The same people who complain that there are too many bowls, and that we're celebrating mediocrity and awarding participation trophies (God forbid), are the same ones who will tell you that college football players should be happy playing for the joy of the game, not for compensation or burgeoning draft prospects or anything else.
This is a massive contradiction.
Bowls are, for many, the ultimate in playing simply to play.
When MTSU thought its season was over, when the Blue Raiders thought they had been passed over for a bowl bid, according to Bacharach, "Players literally exchanged hugs and goodbyes during a 2 p.m. team meeting Sunday at the MTSU Sports Performance Center." Head coach Rick Stockstill said, "I told them, 'I think we are out. I don't think we are in.' I was emotional. They were emotional."
Playing as a team one more time appeared to have been denied. Tucker: "I was a little bit down because we had more to put out there on the table. We had more to give this season. When I got the news that we were in, man, it was a burst of light."
A burst of light. For getting to play a Sun Belt opponent in Montgomery in a game you probably won’t watch (but should).
Not every team will play its bowl with the same level of motivation. A player in seemingly every game will get sent home for missing curfew or doing something dumb in the lead-up. Some teams will lay outright eggs, either because they wanted a better bowl or they spent themselves in the regular season or [insert any other reason why 20-year-olds don’t act as expected].
But virtually every bowl will feature countless One Last Times.
A receiver catching his last pass. Roommates hugging each other on the sideline. A flautist playing the fight song for the last time. There will be emotional moments in the Bad Boy Mowers Gasparilla Bowl, for goodness’ sake.
Despite itself, college football produces boundless beauty. We pay coaches millions of dollars not to coach, pay search firms hundreds of thousands of dollars to help us make obvious choices, but keep finding reasons why we can’t let student-athletes sign autographs for money.
Bowl games, with their strange politics, title sponsors, and gaudy coach incentive payments, are the pinnacle of ridiculousness and excess. They are maybe the most cynical money-making exercises in a cynical, money-making sport.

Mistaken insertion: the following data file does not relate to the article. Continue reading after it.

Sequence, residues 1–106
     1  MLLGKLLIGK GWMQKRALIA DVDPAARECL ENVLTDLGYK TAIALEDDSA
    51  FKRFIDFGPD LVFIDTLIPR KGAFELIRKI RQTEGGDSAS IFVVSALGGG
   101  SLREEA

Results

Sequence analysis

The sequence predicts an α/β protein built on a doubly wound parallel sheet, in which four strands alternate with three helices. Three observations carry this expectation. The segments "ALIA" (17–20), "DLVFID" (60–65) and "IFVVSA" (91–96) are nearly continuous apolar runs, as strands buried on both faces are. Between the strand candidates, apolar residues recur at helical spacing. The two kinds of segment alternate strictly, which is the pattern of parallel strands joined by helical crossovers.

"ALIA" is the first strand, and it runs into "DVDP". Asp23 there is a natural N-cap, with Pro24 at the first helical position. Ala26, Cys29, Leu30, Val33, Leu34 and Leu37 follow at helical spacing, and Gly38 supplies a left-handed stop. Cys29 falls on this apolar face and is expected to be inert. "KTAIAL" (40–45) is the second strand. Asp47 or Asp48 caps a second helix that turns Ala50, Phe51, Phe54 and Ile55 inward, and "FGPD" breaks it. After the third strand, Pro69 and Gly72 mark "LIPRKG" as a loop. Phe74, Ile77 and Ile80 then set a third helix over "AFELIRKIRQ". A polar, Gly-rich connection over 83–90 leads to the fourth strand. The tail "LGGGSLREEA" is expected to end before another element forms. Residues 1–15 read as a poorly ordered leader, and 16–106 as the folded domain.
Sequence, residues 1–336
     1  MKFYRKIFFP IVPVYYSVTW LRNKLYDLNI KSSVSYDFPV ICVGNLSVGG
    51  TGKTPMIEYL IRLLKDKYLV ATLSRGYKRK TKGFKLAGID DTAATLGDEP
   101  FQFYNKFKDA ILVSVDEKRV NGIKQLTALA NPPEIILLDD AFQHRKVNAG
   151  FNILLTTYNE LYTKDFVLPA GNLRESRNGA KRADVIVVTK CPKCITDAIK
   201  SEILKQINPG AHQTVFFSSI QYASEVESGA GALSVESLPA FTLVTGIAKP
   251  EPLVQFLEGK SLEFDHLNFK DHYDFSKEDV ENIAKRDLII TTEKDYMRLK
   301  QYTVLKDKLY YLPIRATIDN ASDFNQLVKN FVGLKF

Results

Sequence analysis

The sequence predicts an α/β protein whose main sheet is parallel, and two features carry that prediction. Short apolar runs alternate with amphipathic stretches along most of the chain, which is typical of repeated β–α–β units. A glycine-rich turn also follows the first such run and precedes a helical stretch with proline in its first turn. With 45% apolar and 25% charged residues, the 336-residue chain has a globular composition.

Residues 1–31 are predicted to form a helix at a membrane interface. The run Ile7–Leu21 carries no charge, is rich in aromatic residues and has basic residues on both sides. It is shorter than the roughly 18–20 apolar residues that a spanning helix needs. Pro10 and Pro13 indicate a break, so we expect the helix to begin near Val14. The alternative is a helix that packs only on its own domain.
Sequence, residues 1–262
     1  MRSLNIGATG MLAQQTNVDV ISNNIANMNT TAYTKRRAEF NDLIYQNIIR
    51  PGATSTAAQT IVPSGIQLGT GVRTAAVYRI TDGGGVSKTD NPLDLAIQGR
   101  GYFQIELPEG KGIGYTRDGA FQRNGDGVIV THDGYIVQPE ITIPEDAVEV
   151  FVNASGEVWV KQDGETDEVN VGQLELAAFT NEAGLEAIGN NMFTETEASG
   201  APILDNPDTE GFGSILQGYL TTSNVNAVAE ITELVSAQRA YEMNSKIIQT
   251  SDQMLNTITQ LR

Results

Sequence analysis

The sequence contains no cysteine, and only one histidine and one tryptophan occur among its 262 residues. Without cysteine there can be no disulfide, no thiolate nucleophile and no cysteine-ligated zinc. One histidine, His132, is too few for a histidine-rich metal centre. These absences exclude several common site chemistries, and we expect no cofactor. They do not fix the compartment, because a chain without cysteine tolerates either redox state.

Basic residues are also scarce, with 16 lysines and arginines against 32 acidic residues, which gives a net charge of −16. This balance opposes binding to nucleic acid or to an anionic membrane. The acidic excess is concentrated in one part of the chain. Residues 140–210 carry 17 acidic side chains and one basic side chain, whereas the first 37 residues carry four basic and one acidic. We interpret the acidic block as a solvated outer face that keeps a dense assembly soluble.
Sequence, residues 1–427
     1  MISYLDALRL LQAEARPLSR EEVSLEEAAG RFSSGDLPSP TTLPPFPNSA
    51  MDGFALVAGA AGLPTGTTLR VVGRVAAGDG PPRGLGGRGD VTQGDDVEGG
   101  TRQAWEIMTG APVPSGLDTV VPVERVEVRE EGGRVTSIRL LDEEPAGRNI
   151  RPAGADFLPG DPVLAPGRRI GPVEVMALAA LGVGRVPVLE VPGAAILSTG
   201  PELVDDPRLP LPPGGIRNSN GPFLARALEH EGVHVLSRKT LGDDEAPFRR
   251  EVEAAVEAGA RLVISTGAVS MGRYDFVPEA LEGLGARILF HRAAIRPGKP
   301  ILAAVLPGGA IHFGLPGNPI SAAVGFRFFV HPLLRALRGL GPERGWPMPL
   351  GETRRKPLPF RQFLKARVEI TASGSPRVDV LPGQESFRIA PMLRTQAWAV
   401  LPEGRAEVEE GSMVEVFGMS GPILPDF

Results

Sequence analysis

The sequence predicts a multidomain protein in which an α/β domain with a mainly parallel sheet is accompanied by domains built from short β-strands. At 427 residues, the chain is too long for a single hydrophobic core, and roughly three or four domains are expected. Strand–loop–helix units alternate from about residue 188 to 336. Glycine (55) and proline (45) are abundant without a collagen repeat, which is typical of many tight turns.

And yet, bowls might be the most beautiful thing this sport produces.
Watch this video on mute:
That’s New Mexico State winning its sixth game of the season and clinching an eventual spot in the Arizona Bowl against Utah State, the Aggies’ first postseason bid in 57 years.
NMSU has been fielding a top-division team for nearly 85 years. The Aggies hadn’t been rewarded with a bowl bid in nearly six decades. Watching on mute as fans storm the field, players embrace, and head coach Doug Martin cries through his postgame interview, you’d think they’d just won the national title.
Every game means the world to somebody.
Early in the fourth quarter of Saturday’s Camellia Bowl, from the Arkansas State 30, Tucker broke open down the middle of the Red Wolves’ defense. Stockstill was watching for exactly that and hit him in stride at the 10. Tucker bounced off of a tackler and into the end zone for a score.
It was one of four receptions that Tucker didn’t think he’d get a chance to make, and it ended up providing the winning margin in a 35-30 MTSU victory. All Tucker, Stockstill, and the Blue Raiders wanted was a chance to play one more game with each other, and they took full advantage.
If you think about that, or if you watch New Mexico State’s celebrations above, and you still want to complain about championing mediocrity or handing out participation trophies, go ahead. I won’t listen.